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Re: blueprint shinners’ semi-weekly office hours

Postby jmjm » Mon Aug 12, 2013 4:13 pm

bp shinners wrote:
jmjm wrote:hey bp!
pt-39 lr-2 q22 seems confusing. E contains fallacious attack on the drama critics that says nothing about the truth of the argument. B should not weaken since past occurrence is not indicative of future occurrence. Any reason why both weaken the argument?


(B) - If I'm talking just odds of something happening, then yes, a temporal fallacy comes into play. And if I was trying to kill the argument, then (B) wouldn't work. However, I'm just trying to weaken the argument. And if a company staging the play has always put on dull performances, that makes it less likely that they will suddenly develop acting talent and put on a good play. The proof here isn't that they've never done it, so they won't do it. The proof here is that they most likely don't have good actors, so they won't do it.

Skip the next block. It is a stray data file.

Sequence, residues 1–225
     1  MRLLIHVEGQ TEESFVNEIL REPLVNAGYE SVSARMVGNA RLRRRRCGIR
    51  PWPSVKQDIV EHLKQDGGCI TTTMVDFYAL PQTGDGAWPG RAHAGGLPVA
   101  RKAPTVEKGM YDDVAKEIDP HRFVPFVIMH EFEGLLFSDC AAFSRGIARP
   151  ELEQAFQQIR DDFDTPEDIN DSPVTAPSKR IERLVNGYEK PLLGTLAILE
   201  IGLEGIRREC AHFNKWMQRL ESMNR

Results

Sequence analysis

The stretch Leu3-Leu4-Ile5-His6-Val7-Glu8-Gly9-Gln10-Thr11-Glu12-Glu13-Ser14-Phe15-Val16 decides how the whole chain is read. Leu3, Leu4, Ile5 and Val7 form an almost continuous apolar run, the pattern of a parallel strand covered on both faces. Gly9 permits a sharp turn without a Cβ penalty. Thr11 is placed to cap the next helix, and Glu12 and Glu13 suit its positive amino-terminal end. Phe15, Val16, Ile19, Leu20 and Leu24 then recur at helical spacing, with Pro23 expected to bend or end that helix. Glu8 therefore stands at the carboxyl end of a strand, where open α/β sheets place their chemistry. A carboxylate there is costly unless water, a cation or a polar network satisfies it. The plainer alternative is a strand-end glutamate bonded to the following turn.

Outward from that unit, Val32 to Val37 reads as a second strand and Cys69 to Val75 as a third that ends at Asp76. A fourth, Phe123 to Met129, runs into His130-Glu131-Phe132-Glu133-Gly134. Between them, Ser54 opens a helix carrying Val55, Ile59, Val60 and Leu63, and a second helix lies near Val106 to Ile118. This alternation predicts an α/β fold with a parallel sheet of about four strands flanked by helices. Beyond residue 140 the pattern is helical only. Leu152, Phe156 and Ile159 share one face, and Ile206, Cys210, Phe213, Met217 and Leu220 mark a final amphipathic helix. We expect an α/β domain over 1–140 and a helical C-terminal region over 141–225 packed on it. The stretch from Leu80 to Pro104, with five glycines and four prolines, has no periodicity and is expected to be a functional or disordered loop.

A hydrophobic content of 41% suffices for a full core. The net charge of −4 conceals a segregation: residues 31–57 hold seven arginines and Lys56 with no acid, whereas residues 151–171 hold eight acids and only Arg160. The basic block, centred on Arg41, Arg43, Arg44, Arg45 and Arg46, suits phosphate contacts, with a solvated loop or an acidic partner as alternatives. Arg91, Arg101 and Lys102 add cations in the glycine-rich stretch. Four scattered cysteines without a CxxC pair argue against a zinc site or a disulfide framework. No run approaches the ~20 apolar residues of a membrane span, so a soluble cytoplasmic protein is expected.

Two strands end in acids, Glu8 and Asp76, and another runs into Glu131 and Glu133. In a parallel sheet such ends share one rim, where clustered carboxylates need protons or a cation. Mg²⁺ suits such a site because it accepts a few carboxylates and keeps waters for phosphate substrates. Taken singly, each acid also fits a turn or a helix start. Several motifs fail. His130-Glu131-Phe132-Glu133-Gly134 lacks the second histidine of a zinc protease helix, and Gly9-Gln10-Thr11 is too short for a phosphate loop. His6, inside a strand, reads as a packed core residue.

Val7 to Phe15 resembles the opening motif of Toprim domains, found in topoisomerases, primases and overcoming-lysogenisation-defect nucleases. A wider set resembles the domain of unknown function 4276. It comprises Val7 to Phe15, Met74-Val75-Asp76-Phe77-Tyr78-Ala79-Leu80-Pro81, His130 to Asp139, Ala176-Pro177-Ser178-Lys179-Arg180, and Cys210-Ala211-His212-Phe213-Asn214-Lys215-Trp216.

(E) - This isn't an ad hominem attack - it's telling me about the interaction between critics and the audience. The critic concludes that audiences will enjoy Warner's latest play. Well, if audiences' views don't normally align with that of critics, it makes it less likely that the critic's view of audiences will be correct. It'd be like if I said, "My girlfriend is going to love this TV show!" and an answer choice said, "bp shinners is usually wrong about his girlfriend's taste in TV shows." It would definitely make you question whether or not my conclusion is correct.